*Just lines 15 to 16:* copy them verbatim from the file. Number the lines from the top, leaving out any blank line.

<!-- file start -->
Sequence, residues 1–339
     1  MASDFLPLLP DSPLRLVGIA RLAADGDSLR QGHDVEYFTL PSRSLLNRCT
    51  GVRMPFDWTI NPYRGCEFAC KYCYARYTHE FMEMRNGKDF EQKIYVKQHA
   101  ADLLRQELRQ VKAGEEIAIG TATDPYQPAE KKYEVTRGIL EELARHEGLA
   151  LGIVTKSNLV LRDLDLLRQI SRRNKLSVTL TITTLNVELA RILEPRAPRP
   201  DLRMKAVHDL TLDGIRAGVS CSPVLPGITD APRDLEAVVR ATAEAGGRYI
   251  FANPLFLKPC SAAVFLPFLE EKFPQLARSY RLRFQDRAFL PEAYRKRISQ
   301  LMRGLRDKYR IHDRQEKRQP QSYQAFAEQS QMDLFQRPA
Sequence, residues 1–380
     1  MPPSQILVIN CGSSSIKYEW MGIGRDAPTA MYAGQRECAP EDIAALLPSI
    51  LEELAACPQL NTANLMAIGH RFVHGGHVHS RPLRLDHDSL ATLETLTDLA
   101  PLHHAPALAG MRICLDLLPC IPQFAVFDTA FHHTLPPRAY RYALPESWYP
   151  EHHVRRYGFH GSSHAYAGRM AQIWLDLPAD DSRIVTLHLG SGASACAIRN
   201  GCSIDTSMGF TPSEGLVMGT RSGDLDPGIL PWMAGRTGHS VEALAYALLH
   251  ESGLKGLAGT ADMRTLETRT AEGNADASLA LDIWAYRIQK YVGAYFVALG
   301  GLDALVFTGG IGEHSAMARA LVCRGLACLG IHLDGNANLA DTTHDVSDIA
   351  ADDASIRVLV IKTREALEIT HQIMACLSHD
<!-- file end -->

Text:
   251  ESGLKGLAGT ADMRTLETRT AEGNADASLA LDIWAYRIQK YVGAYFVALG
   301  GLDALVFTGG IGEHSAMARA LVCRGLACLG IHLDGNANLA DTTHDVSDIA